Thursday, December 18, 2008


Yep as soon as this report came out, we all should have known that there would be repercussions from the Russians about it. There isn't any doubt on that one.

Here is the story about the Harrisons.

Father acquitted of manslaughter in July death of adopted toddler

By Scott McCabe
Examiner Staff Writer 12/17/08

A Loudoun County father was found not guilty of involuntary manslaughter Wednesday in the death of his son who was left in the back of a sweltering sport utility vehicle for nine hours this summer.

Fairfax County Judge R. Terence Ney ruled that Miles Harrison’s conduct did not meet the

legal standard for manslaughter, which requires “negligence so gross, wanton and culpable as to show a callous disregard for human life.”

Harrison’s actions were “tragic” but the new father was “dutiful and devoted,” Ney said.

“The only atonement can take place in his heart and soul,” Ney said.

Harrison, 49, of Purcellville, testified that he forgot to drop off 21-month-old Chase at a day care center in Ashburn on July 8. He then left the toddler inside his GMC Yukon for nine hours while he went to work at the Project Solutions Group in Herndon.

At about 5 p.m., when a co-worker told Harrison that Chase was in the SUV, he ran from his work desk to the parking lot, threw open the car door and tried to revive his son. Chase was a Russian-born child who had been adopted by Harrison and his wife, Carol, only three months earlier.

That evening at the hospital, a Fairfax County detective and hospital employees overheard Harrison calling out with remorse.

“I want my son. I left my son, I left him in the car. Look at what I did. I left him in the car,” Harrison could be heard saying, according to court documents. “I can’t live like this. How did this happen. ... God take me. He should not have taken my son.”

Prosecutors argued that Harrison might not have wanted to harm his son but he wasn’t willing to take on the responsibilities of being a father.

The death of Chase, born Dmitry Yakolev, sparked strife between Russia and the United States over adoption regulations. The Russians opened an investigation into European Adoption Consultants Inc., the company Harrison and his wife used to bring Dmitry to Virginia.

Russian officials called on the United States to tighten its standards and banned two other unnamed international adoption agencies.
Information from The Associated Press was used in this report.

You see I look at this different and probably similar to the Russians on this. I know that adoptive parents are not perfect. However, they are held to a higher standard that everyone else. They owe it to not only the children to do it right but also to the natural parents of that child to get it right. The adoption agencies however do not see it that way. All they see is the profit that these agencies make. The agency involved was European Adoption Consultants. This is the second child that they placed that has died in the care of adoptive parents. One really has to wonder if they are doing their jobs according to standard. Somehow I do not think so.

Here is what the Russians are saying about this so called trial:

Russia to toughen adoption rules for U.S. over Harrison acquittal

15:02 | 18/ 12/ 2008

MOSCOW, December 18 (RIA Novosti) - Russia will toughen adoption requirements for U.S. nationals following the acquittal of Miles Harrison over the death of his adopted Russian-born son, a senior education and social protection official said on Thursday.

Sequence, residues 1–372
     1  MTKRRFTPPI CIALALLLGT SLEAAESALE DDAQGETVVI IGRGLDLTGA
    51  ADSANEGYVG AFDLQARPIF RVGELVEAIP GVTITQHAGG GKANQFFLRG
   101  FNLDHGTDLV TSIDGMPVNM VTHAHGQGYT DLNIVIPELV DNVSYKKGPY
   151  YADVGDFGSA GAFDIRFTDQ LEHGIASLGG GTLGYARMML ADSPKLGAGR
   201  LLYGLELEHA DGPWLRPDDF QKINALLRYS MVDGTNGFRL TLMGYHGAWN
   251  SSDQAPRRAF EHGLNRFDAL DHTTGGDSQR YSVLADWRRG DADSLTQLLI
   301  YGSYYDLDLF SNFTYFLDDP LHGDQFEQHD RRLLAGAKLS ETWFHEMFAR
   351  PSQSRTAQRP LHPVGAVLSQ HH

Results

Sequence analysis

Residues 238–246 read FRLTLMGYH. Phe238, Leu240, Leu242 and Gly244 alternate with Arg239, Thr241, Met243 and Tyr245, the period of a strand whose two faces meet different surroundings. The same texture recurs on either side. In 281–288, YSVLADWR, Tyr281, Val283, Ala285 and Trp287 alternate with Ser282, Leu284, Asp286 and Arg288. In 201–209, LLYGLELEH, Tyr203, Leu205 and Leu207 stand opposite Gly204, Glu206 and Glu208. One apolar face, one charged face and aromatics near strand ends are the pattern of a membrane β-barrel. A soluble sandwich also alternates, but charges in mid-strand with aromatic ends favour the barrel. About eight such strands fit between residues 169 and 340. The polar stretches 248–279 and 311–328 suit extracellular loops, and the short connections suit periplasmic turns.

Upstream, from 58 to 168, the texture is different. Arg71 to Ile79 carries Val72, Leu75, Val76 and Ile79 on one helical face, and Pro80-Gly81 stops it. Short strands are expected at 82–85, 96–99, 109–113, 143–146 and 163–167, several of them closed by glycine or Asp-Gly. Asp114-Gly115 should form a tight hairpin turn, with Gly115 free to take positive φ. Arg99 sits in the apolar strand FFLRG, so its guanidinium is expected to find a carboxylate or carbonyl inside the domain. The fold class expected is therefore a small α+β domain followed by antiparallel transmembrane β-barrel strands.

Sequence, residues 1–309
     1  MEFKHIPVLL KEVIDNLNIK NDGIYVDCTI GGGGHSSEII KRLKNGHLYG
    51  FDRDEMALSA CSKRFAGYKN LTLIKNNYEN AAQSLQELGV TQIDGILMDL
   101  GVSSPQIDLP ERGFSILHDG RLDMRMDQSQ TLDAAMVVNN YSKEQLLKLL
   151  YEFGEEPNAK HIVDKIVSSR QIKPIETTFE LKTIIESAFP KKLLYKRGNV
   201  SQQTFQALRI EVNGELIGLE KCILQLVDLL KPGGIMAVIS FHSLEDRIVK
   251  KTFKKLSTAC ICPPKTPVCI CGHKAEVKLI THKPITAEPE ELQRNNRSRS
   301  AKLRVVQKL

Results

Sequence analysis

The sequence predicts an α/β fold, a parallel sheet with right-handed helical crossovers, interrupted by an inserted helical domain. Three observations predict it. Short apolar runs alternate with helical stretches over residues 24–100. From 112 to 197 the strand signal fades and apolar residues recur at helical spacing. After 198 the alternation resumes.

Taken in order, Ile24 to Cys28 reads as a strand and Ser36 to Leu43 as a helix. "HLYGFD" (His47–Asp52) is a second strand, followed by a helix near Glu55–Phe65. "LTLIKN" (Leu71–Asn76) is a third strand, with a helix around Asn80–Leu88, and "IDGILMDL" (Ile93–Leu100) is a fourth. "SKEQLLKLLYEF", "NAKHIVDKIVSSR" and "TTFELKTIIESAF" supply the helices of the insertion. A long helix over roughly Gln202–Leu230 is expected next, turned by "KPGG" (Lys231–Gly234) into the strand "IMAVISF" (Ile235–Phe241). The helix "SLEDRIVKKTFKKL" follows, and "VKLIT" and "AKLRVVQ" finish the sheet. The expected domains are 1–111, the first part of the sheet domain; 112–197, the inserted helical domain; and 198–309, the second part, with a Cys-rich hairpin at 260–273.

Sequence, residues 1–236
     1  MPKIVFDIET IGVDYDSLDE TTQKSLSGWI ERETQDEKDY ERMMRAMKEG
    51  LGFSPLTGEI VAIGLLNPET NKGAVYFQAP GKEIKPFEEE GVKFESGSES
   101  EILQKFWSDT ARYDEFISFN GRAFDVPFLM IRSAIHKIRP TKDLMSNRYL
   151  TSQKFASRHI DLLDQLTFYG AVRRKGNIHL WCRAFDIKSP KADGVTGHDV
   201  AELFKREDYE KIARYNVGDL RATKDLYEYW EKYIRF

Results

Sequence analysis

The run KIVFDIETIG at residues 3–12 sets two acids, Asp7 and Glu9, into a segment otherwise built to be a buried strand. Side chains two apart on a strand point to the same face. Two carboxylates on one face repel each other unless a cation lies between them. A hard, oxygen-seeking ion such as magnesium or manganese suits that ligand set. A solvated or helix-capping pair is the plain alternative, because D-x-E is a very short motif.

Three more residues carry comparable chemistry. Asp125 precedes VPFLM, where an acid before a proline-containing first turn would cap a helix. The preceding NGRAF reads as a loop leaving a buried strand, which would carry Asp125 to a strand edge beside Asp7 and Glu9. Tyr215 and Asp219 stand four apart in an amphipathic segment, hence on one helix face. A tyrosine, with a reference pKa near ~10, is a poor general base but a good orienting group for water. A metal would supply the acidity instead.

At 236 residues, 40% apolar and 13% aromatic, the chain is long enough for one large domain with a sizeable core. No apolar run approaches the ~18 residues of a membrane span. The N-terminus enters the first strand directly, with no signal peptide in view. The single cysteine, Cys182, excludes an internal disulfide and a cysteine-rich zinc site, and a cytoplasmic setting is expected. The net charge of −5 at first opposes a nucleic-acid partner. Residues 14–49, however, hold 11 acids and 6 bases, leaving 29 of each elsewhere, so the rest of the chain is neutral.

Harrison, 49, was acquitted on Wednesday of the involuntary manslaughter of his 21-month-old son Chase (born Dmitry Yakolev), who died of heatstroke after being left in a vehicle in the hot sun for nine hours in front of his adoptive father's workplace in Virginia.

"We are outraged by the court ruling and believe it to be totally unjust and unacceptable," Alina Levitskaya was quoted by the Education and Science Ministry as saying. "It questions the reliability of the U.S. system of protection of adopted children's rights, and will lead to tougher requirements for U.S. nationals in Russia."

Levitskaya said the ministry would demand that authorities in the United States step up monitoring of children adopted from Russia. She said the education ministry and the Russian Embassy in the United States would seek a guilty verdict for Harrison.

"When a tragedy occurs, even if through an involuntary action, a severe punishment should be inevitable," Levitskaya said.

Explaining the ruling, Fairfax County Judge R. Terence Ney said Harrison's conduct did not meet the legal standard for manslaughter, which requires "negligence so gross, wanton and culpable as to show a callous disregard for human life."

"No prison term is going to cause more pain than that which he has already suffered. The only true atonement here can only take place within his heart and soul," the judge said.

Over the last 10 years in the United States there have been approximately 230 fatal cases of parents locking their children in cars on a hot day.

Three adoption agencies, including that which organized Dmitry Yakolev's adoption but failed to inform Russian authorities of the baby's death, were banned from operating in the country in July.

Several calls for tighter controls on adoptions have been made in Russia in recent years over a series of scandals, notably the killing of a two-year-old girl from Siberia by her adoptive mother in the U.S. The woman, Peggy Sue Hilt, was sentenced to 25 years in prison in May 2006 for beating the child to death.

Around 120,000 Russian children were adopted both in Russia and abroad in 2007, a 6.4% increase on 2006, according to the Science and Education Ministry.

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